This essay reviews Hilton Als’ 2019 exhibition God Made My Face: A Collective Portrait of James Baldwin at the David Zwirner Gallery. The show visually displays Baldwin in two parts: “A Walker in the City” examines his biography and “Colonialism” examines “what Baldwin himself was unable to do” by displaying the work of contemporary artists and filmmakers whose works resonate with Baldwin’s critiques of masculinity, race, and American empire. Mirakhor explores how Als’ quest to restore Baldwin is part of a long and deep literary and personal conversation that Als has been having since he was in his teens, and in this instance, exploring why and how it has culminated via the visual, instead of the literary. As Mirakhor observes, to be in the exhibit is not to just observe how Als has formed and figured Baldwin, but to see how Baldwin has informed and made Als, one of our most lyrical and impassioned contemporary writers and thinkers.

James Baldwin Review
Collaborating with James Baldwin on a Screenplay of Giovanni’s Room

The author discusses his personal relationship with James Baldwin, recounting their collaboration on a film script for an adaptation of Giovanni’s Room.

James Baldwin Review
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Murphy’s misrecognition of love

2 No Endon sight: Murphy’s misrecognition of love Murphy, Beckett’s first novel, centres on the title character’s search for a tranquillity born of nothingness. A deeply schizoid, middle-aged man, Murphy lives in dire poverty and, when first encountered, has recently begun a relationship with Celia, a prostitute who wants them to begin a life together. He feels the world is hostile, offering him nothing but, at Celia’s coaxing, he finds a job in a mental institution. Attracted to the erasure of reality he believes to exist within the schizophrenic mind, he is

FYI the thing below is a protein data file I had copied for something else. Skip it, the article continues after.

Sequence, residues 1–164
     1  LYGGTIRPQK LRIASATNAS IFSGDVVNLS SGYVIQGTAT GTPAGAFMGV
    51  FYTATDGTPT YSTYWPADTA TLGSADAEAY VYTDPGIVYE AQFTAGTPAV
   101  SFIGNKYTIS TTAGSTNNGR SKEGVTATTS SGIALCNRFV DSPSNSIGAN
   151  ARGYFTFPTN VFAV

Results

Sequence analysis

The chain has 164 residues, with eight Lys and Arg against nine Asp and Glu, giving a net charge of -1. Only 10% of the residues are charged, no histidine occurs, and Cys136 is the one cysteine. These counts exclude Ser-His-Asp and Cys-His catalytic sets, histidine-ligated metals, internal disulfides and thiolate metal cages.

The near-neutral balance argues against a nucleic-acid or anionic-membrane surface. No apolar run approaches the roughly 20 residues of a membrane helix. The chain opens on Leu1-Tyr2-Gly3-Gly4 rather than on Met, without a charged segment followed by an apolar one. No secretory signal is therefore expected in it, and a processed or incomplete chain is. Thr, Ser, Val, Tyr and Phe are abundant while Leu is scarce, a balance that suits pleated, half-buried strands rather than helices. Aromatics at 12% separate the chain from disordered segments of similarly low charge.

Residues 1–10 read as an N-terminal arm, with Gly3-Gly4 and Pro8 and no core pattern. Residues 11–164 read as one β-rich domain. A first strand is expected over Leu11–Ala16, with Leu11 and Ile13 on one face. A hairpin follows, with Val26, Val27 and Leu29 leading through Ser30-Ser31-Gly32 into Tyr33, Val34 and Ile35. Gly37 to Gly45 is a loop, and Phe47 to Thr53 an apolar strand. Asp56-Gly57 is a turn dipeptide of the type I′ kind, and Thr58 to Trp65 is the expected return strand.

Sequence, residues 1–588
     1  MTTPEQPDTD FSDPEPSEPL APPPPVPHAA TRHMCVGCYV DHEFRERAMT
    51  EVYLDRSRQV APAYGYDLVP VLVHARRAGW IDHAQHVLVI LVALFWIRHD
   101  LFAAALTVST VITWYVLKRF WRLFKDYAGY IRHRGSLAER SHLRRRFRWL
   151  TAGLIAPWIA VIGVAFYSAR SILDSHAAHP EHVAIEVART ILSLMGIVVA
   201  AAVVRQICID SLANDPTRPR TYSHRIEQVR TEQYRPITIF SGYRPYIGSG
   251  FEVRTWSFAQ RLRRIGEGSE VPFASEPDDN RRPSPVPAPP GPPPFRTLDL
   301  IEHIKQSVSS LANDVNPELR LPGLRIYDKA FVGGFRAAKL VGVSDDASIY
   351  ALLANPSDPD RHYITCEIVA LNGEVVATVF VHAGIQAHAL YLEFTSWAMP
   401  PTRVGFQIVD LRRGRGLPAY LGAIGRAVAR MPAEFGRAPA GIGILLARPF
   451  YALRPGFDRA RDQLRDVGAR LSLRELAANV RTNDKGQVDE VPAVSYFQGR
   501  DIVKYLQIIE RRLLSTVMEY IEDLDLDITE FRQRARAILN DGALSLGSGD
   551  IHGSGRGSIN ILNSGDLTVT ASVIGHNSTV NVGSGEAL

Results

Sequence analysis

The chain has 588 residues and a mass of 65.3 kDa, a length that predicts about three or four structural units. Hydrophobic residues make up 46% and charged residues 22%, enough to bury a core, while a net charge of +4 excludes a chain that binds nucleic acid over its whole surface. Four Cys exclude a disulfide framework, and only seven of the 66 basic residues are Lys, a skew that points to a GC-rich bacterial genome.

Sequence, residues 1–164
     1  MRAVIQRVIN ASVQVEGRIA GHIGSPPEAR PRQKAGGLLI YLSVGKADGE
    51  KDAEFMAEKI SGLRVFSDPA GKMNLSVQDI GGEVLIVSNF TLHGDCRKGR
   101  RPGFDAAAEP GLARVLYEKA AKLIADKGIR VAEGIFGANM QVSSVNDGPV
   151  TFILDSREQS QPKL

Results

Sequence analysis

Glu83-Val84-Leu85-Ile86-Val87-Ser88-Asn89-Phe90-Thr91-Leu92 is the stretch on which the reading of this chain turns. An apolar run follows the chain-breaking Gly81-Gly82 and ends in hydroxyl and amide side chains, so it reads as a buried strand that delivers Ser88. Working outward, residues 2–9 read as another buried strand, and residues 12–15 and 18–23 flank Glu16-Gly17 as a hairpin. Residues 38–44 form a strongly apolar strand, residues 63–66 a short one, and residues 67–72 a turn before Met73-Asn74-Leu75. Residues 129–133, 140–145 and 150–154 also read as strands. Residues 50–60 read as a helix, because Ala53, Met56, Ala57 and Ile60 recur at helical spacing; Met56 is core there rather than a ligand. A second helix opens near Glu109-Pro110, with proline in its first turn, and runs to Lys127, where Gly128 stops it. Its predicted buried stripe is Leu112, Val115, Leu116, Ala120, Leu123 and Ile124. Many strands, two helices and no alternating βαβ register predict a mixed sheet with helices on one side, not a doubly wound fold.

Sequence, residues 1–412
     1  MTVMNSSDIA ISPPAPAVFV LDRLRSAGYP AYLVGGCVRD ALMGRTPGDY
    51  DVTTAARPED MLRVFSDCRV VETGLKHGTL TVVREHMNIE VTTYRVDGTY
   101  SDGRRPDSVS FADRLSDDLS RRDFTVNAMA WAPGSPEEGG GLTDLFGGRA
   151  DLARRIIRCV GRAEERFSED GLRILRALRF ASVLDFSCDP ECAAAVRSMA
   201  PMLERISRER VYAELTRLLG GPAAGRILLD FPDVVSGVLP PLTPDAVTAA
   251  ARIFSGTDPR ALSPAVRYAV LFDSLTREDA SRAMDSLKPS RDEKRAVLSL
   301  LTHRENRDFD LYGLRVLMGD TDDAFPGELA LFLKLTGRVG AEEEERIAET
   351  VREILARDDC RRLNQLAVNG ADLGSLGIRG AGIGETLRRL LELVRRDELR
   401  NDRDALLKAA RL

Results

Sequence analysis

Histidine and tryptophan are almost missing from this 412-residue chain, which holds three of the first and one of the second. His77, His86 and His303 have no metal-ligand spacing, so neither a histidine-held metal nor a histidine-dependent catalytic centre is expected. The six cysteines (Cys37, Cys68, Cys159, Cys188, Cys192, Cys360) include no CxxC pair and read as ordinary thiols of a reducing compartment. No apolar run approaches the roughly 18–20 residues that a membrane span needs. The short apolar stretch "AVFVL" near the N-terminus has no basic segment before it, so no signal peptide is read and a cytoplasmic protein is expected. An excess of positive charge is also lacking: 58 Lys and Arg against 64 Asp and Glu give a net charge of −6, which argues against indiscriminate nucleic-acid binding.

in Samuel Beckett and the primacy of love
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. Certainly, there are many ways of viewing this aspect of Beckett’s work theoretically: a fundamental source of controversy among competing psychoanalytical theories is the weight to be placed on endowment versus nurturing. I suggest the broad emotional appeal of his work is due to its elaboration of an early experience that is part of all internal development: the sense of disconnection from an early source of external love and nurturing. A fundamental background concept of this study is introjection, which I use to mean the process through which external experience

in Samuel Beckett and the primacy of love
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Watt’s unwelcome home

90 Samuel Beckett and the primacy of love 3 This emptied heart: Watt’s unwelcome home Beckett’s second published novel, Watt, tells the story of the title character’s journey to, stay in, and expulsion from the house of a Mr Knott, to which he has been drawn, or summoned, to act as a servant. After his stay in the house, Watt becomes psychotic, ending up in a sort of asylum. Sam, the narrator, befriends him there, but admits the text may not approximate reality, since he can trust neither Watt’s recollection (of his stay with Knott) nor his own recollection

in Samuel Beckett and the primacy of love